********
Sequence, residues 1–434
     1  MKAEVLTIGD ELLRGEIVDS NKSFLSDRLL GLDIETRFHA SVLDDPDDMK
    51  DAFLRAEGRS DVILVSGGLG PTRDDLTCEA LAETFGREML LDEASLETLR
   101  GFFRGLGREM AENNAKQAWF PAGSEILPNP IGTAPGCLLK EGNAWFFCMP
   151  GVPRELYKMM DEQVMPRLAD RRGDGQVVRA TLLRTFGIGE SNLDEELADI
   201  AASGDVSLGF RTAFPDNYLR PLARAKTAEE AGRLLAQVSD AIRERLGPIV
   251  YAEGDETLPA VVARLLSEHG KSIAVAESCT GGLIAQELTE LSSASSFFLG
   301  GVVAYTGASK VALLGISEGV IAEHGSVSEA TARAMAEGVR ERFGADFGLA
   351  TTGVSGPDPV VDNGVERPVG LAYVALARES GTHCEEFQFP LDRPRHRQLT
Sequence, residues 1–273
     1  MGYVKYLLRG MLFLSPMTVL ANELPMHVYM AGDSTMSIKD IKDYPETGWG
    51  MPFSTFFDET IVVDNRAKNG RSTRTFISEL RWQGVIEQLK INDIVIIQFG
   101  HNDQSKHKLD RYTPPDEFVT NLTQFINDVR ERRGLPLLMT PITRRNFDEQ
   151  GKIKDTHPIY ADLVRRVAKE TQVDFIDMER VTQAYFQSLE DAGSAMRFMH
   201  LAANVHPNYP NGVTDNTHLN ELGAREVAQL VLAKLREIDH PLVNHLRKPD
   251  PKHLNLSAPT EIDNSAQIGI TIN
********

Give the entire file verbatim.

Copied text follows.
Sequence, residues 1–434
     1  MKAEVLTIGD ELLRGEIVDS NKSFLSDRLL GLDIETRFHA SVLDDPDDMK
    51  DAFLRAEGRS DVILVSGGLG PTRDDLTCEA LAETFGREML LDEASLETLR
   101  GFFRGLGREM AENNAKQAWF PAGSEILPNP IGTAPGCLLK EGNAWFFCMP
   151  GVPRELYKMM DEQVMPRLAD RRGDGQVVRA TLLRTFGIGE SNLDEELADI
   201  AASGDVSLGF RTAFPDNYLR PLARAKTAEE AGRLLAQVSD AIRERLGPIV
   251  YAEGDETLPA VVARLLSEHG KSIAVAESCT GGLIAQELTE LSSASSFFLG
   301  GVVAYTGASK VALLGISEGV IAEHGSVSEA TARAMAEGVR ERFGADFGLA
   351  TTGVSGPDPV VDNGVERPVG LAYVALARES GTHCEEFQFP LDRPRHRQLT
Sequence, residues 1–273
     1  MGYVKYLLRG MLFLSPMTVL ANELPMHVYM AGDSTMSIKD IKDYPETGWG
    51  MPFSTFFDET IVVDNRAKNG RSTRTFISEL RWQGVIEQLK INDIVIIQFG
   101  HNDQSKHKLD RYTPPDEFVT NLTQFINDVR ERRGLPLLMT PITRRNFDEQ
   151  GKIKDTHPIY ADLVRRVAKE TQVDFIDMER VTQAYFQSLE DAGSAMRFMH
   201  LAANVHPNYP NGVTDNTHLN ELGAREVAQL VLAKLREIDH PLVNHLRKPD
   251  PKHLNLSAPT EIDNSAQIGI TIN